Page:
Sinn Féin refuse to oppose repressive legislation

By Mick Barry and Finghín Kelly

The Offences Against the State Act was renewed by the Dáil on 23 June on a vote of 86-7.

Sinn Féin deputies left the chamber immediately before the vote and did not participate or vote against it. The Criminal Justice Act was passed by a similar margin with the same approach taken by Sinn Féin. The only seven deputies who voted against were all from the left – Solidarity and Socialist Party TD Mick Barry, four PBP TDs and two left Independents.

Oppose nonjury courts

The Offences Against the State Act provides the legal basis for the nonjury Special Criminal Court. It undermines the right to trial by jury and the presumption of innocence. It is a substantial attack on the right to a fair trial. The United Nations Human Rights Council opposes this court and argued for its abolition as recently as last year.

It is opposed also by Amnesty International and the Irish Council of Civil Liberties (ICCL). The ICCL recently stated that “the Special Criminal Court continues to represent the biggest single denial of fair trial rights in our legal system.”

Those in favour of draconian laws cite the potential for jury intimidation by paramilitary organisations and organised crime.

The issue of jury intimidation is a serious one. However, despite having these powers rubber stamped every year since 1998 there has never been a real investigation into other ways to protect juries while upholding the right to trial by jury, e.g. the use of video links.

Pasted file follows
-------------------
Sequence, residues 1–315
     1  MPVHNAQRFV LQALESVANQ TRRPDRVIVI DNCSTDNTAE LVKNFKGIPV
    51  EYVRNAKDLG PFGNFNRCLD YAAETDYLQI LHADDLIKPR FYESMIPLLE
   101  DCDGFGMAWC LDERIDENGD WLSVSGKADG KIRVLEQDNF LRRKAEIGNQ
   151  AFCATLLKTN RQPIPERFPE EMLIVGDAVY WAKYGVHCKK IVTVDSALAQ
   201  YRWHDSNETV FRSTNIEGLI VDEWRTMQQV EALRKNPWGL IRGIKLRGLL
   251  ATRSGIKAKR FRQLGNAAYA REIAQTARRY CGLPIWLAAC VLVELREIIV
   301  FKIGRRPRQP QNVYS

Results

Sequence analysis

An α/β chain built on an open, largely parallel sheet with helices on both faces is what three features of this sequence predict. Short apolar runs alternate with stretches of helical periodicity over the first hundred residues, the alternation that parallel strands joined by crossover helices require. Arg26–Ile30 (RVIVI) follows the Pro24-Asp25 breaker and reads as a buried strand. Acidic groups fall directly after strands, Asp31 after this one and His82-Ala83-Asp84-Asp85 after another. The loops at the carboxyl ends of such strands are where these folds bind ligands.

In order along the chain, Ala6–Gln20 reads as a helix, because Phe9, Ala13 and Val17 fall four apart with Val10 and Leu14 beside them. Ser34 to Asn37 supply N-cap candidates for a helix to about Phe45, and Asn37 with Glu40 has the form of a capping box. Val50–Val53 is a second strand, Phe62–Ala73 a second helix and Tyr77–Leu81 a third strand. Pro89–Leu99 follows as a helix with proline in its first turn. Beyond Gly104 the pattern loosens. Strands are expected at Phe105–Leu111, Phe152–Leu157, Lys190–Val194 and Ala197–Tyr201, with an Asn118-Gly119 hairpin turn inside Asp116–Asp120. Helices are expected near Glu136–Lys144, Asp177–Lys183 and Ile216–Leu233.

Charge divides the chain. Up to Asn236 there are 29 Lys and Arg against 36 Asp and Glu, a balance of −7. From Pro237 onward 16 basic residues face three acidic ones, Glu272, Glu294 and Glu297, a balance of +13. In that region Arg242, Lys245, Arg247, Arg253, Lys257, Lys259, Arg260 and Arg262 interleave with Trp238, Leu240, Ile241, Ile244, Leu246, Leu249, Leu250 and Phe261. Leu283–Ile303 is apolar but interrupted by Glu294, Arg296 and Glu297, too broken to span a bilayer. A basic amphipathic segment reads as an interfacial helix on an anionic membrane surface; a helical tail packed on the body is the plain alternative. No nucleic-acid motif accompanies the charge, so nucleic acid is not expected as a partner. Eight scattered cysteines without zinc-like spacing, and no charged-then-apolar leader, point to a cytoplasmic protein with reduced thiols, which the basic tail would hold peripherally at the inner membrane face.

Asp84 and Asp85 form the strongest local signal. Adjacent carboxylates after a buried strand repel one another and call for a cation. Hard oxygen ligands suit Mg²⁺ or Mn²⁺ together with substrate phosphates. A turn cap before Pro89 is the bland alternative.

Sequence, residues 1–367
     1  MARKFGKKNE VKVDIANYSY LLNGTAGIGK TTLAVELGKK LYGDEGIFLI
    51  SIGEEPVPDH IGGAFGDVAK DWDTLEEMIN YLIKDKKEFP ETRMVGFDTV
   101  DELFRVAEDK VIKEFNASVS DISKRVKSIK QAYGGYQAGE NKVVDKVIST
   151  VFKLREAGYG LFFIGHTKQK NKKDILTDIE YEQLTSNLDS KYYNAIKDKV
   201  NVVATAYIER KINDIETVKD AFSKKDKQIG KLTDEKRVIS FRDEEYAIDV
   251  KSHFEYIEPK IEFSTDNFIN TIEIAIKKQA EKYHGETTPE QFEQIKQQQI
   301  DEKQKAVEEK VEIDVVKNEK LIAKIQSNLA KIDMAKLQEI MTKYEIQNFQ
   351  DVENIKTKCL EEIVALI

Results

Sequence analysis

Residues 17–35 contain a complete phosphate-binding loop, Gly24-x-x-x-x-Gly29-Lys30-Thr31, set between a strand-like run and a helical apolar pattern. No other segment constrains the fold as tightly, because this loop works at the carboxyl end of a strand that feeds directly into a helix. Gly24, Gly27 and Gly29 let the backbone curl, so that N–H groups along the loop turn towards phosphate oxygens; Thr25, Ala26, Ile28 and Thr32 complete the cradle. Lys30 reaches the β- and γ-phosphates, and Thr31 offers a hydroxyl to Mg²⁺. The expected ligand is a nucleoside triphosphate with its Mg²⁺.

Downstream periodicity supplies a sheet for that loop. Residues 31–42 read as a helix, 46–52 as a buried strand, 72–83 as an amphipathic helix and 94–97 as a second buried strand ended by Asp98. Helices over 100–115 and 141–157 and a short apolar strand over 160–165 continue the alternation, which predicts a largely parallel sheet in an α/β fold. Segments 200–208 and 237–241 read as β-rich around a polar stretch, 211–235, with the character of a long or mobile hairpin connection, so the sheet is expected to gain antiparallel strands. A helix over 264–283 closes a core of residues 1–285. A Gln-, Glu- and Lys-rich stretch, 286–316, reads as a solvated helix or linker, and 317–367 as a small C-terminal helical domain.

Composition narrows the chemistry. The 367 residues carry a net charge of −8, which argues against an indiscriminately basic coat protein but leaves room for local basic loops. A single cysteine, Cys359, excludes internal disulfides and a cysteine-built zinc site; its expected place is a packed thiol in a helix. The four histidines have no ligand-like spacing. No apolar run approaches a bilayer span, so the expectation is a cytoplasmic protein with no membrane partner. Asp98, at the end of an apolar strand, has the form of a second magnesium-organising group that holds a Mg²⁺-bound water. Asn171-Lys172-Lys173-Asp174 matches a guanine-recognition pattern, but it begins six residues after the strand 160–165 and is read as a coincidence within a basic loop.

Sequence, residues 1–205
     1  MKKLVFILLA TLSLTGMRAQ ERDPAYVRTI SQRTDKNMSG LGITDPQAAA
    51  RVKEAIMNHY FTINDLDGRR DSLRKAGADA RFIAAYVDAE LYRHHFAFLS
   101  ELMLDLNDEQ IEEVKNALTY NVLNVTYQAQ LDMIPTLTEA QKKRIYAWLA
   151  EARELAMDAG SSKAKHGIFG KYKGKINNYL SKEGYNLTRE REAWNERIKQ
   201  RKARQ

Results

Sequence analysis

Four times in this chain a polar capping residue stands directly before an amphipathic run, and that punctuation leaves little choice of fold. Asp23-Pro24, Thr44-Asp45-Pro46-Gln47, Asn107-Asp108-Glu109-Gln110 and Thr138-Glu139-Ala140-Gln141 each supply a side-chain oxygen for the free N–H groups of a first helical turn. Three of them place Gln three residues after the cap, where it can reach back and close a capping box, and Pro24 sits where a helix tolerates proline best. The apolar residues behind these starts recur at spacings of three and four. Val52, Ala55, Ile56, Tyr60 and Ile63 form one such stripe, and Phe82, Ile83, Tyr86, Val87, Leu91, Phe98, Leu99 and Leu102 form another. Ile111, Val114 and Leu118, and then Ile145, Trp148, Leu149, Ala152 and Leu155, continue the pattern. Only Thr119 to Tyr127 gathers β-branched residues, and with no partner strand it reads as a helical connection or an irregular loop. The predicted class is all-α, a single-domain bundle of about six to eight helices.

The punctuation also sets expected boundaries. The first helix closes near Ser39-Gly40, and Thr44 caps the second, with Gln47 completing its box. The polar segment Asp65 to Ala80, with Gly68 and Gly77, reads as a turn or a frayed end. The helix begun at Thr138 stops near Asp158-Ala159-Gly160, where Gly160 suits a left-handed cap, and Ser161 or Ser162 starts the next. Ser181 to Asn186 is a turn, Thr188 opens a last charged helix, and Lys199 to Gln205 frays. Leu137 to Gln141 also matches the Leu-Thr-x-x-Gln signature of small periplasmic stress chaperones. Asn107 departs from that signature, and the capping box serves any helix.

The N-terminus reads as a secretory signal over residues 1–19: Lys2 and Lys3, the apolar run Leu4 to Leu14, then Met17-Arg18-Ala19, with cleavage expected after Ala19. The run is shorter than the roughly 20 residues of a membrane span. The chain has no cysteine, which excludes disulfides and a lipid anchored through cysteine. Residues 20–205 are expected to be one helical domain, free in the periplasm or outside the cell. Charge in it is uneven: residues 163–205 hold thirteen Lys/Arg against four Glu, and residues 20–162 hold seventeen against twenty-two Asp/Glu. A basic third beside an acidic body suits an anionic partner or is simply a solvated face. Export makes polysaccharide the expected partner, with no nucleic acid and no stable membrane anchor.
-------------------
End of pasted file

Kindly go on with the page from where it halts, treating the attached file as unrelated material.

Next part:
Why won’t Sinn Féin take a stand?

Sinn Féin’s justification for absenting themselves from the vote was to say that there is currently a review taking place into the legislation. However, this was a decision taken under pressure from Fianna Fáil and Fine Gael in the context of the Dublin Bay South by-election.

If Sinn Féin back down in this way on the issue of defending civil liberties, how can they be relied upon to defend their public positions on other issues such as housing justice and combatting social inequality?

Their abstention was all the more wrong given that the State has already been granted extreme emergency powers in the context of the pandemic – powers that have been used to harass young people across the state particularly in working-class communities. The Covid emergency powers have also served to create an atmosphere whereby more than 300 Gardaí were recently mobilised to break picket lines at Debenhams.

Growing repression

Garda powers are now set to be added to with the Garda Síochana (Powers) Bill that aims to give sweeping new powers of arrest and search including the threat of five-year jail sentences and/or €30,000 fines for refusing to disclose the password for a phone.

Sinn Féin’s decision to buckle on the 23 June votes will not make it easier to push back against new repressive legislation of this kind.

Fianna Fáil and Fine Gael make no apologies for supporting repressive legislation. Working-class people need representatives who equally make no apologies for opposing it and who campaign vigorously and consistently on the issue and oppose the strengthening of the capitalist state, an institution of the bosses against the working-class majority.